Vitaly Borker, seller of counterfeit frames and gamer of google rankings, has been sentenced to four years in jail
. "Vitaly Borker was an Internet shopper’s worst nightmare," said the US attorney. “Borker operated behind the veil of the Internet and aliases to first defraud his victims and then, if they complained, terrorize them with threats, intimidation and harassment.” Previously
posted by Dolores Haze
on Sep 10, 2012 -
"Behind every Google Map
, there is a much more complex map that's the key to your queries but hidden from your view. The deep map contains the logic of places: their no-left-turns and freeway on-ramps, speed limits and traffic conditions. This is the data that you're drawing from when you ask Google to navigate you from point A to point B -- and last week, Google showed me the internal map and demonstrated how it was built
. It's the first time the company has let anyone watch how the project it calls GT, or 'Ground Truth,' actually works."
posted by SpacemanStix
on Sep 7, 2012 -
New Google+ Study Reveals Minimal Social Activity, Weak User Engagement Fast Company
summarizes a new study
from RJMetrics that looks at public posts, +1s, replies and reshares on Google+. It concludes "the average post on Google+ has less than one +1, less than one reply, and less than one re-share." Google replies that public posts are a poor metric of user activity; Fast Company replies that "Google has refused to provide clear figures and metrics for its social network's active user base" and links to Danny Sullivan's "brilliant rundown of Google's lack of transparency on the subject" - If Google’s Really Proud Of Google+, It Should Share Some Real User Figures
There was also Wil Wheaton's recent angry "Oh, go fuck yourself, Google" rant
in response to a recent experiment replacing YouTube's "like" button with a Google+ button for a small number of users, thus requiring them to sign up for Google+ before they can 'like' a YouTube video. Is Google Forcing Google+ Down People’s Throats?
posted by mediareport
on May 21, 2012 -
In 2007, Google project manager Dan Siroker took a leave of absence from Google, moved to Chicago, and joined up with Obama’s campaign as a digital adviser.
"At first he wasn’t sure how he could help. But he recalled something else Obama had said to the Googlers: “I am a big believer in reason and facts and evidence and science and feedback—everything that allows you to do what you do. That’s what we should be doing in our government.” And so Siroker decided he would introduce Obama’s campaign to a crucial technique—almost a governing ethos—that Google relies on in developing and refining its products. He showed them how to A/B test."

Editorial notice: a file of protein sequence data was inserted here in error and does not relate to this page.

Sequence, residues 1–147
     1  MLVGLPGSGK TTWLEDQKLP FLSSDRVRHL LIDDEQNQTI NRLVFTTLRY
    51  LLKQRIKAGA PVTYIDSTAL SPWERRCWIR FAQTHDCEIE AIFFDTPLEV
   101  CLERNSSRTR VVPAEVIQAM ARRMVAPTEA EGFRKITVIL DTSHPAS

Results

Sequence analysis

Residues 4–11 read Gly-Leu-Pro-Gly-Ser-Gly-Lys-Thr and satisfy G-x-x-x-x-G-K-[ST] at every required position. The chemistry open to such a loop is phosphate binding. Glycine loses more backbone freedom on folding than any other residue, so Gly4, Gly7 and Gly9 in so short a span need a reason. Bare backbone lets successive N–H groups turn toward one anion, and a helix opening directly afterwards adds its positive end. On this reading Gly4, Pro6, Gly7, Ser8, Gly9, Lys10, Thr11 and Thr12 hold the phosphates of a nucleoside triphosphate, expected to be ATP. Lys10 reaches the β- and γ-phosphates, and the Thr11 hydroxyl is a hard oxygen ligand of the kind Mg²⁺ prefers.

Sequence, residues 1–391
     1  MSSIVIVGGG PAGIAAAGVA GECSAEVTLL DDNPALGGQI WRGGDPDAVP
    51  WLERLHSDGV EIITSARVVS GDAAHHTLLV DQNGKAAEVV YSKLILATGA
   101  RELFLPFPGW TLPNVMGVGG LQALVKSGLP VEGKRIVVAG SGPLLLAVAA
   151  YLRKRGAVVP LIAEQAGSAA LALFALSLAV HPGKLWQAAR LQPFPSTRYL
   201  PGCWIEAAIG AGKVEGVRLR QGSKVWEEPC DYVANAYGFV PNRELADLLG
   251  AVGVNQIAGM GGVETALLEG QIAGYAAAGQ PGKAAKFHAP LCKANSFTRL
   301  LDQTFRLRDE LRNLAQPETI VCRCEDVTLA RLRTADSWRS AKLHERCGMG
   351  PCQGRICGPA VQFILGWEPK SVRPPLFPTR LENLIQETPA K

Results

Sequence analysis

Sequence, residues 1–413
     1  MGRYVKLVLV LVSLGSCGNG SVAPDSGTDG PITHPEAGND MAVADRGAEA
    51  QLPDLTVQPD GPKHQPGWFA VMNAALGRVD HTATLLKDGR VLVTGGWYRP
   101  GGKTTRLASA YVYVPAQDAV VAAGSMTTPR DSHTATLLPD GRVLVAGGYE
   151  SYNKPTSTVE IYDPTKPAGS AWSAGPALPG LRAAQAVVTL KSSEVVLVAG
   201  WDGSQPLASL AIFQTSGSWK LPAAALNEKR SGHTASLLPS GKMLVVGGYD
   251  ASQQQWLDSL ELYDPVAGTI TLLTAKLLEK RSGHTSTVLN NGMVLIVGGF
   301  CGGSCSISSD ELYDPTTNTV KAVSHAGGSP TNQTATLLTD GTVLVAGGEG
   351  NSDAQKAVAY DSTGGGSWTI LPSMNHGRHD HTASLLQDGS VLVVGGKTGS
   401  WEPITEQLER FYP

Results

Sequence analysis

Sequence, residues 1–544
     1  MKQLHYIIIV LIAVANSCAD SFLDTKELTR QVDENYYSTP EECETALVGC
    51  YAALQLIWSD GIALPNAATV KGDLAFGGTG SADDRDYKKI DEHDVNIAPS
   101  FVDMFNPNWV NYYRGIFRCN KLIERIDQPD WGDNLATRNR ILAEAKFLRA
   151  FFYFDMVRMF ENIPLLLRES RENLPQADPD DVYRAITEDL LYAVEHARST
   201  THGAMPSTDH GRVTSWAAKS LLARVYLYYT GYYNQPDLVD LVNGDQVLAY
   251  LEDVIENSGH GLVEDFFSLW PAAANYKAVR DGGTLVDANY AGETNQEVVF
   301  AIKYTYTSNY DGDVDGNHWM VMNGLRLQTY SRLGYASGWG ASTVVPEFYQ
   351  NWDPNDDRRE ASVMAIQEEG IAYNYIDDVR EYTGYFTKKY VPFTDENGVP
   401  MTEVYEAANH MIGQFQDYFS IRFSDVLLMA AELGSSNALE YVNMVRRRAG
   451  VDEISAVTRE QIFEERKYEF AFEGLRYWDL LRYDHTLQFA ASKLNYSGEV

posted by Petrot
on May 9, 2012 -
Today, Google launched Google Drive
, their long-awaited cloud storage solution. Although it's seen by many as a direct answer to Dropbox, iCloud, and Skydrive, it also offers a few novel features of its own: integration with most Google web services, like Gmail, Docs, and Picasa. And perhaps most notably in the long run, it launched with
encouraging third-party integration. 18 apps in the Chrome Web Store
already implement Drive.
posted by gilrain
on Apr 24, 2012 -
It looks like the speculation on a near-future market for wearable computers is already heating up
. However, the first competitor to the recently-announced
Google Glass project comes as a surprise to almost everyone: Valve
, the gaming company renowned for Half Life, Portal, and many others, in addition to their digital distribution heavyweight Steam. This will be their first foray into hardware of any kind.
posted by gilrain
on Apr 14, 2012 -
Google is quietly launching a new program called Screenwise
aimed at collected more data from users than is possible from monitoring activity across Google-owned sites. The program comes in two flavors: a browser-based extension that will share with Google the sites you visit and how you use them, and a Cisco-made, Knowledge Networks-managed "black box" installed on your home network to measure Internet use. The first program pays users up to $25 in Amazon gift cards, the second pays $100 for signing up, and an additional $20 every month the device is installed up to a maximum of one year. To be eligible for the programs users must have a Google account, install and use Chrome, and be 13 or older. Ars Technica has excerpts from leaked sign up process documents:
According to legal agreements displayed during signup, Google will share the aggregated data with third parties, including "academic institutions, advertisers, publishers, and programming networks." The agreement notes that the data collected will be personally identifiable, with some exceptions: https addresses and private browsing windows of people using the router will not be tracked. The browser extension, however, will track private or incognito browsing, though the data will not be personally identifiable. For all other collected data, Google will "attempt" to remove that identifiable info before sharing it—no guarantees, though. [more inside]
posted by 2bucksplus
on Feb 8, 2012 -